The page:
Having had to deal with coaches her whole life, Alaina has always been about enjoying riding saying “your body knows how to cycle”. However, she did realize that there are things a self taught cyclist is not aware of and decided to get a cycling coach to get some “fun little tips and tricks” she can apply to her riding.
“I want to explore it, but not dive into it. Racing on a competitive level is such a commitment. I think it would be really good though… I would love to do triathlons. But I don’t know… I’m more about enjoying riding”.
In 2016, after eight happy years together, the great Fuji had to surrender to a new bike. For Alaina it was a game changer.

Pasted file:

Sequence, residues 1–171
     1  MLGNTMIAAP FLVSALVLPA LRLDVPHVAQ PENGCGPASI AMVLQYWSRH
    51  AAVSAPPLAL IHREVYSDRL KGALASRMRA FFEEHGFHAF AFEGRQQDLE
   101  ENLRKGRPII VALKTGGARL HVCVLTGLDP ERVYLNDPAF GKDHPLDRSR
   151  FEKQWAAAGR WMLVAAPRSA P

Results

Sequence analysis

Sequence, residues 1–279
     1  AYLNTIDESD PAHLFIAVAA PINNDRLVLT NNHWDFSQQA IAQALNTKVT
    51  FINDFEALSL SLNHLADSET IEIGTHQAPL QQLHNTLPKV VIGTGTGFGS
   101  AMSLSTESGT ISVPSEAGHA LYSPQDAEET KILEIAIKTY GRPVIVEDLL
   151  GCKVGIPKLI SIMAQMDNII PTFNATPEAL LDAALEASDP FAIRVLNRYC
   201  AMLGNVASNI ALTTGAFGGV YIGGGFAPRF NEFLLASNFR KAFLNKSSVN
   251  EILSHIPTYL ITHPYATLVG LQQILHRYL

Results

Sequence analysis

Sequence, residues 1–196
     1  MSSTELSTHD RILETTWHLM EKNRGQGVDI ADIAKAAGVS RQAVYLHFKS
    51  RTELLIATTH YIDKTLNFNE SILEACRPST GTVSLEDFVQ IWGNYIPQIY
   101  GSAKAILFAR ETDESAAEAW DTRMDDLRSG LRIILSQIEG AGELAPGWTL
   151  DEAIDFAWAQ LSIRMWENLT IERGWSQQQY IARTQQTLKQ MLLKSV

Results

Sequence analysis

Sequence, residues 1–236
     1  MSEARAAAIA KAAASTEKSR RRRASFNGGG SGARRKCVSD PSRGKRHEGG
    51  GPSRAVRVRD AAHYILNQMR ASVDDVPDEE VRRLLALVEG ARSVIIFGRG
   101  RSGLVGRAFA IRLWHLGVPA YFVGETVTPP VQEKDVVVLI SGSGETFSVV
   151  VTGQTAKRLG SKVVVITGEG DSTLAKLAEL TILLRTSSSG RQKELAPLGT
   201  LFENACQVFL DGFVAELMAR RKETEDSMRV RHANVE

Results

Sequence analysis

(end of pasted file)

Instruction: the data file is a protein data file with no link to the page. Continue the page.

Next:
“I went to a place that I knew had really good bike fitting services, a place in Dumbo, Brooklyn called Red Beards Bikes. As I walked in with my bike the guy working there just looked at me and said, “that bike doesn’t fit you”.
Alaina had thought it was just her saddle that was wrong, causing her pain while riding. It turned out to be the whole bike that was ill fitted. She ended up doing a bike fitting, which concluded that she needed a custom bike (she has, in her own words “weird geometry”).
“I ended up getting a titanium frame from the US-brand Seven. Having a bike that fits you is great… Knowing that nobody else can ride my bike and feel the way I feel when I’m riding it. I got the bike in the spring of 2016 so that summer I really got into riding”.
But although she now has every tool she needs for exploring and evolving at road cycling, she still comes back to her love for commuting.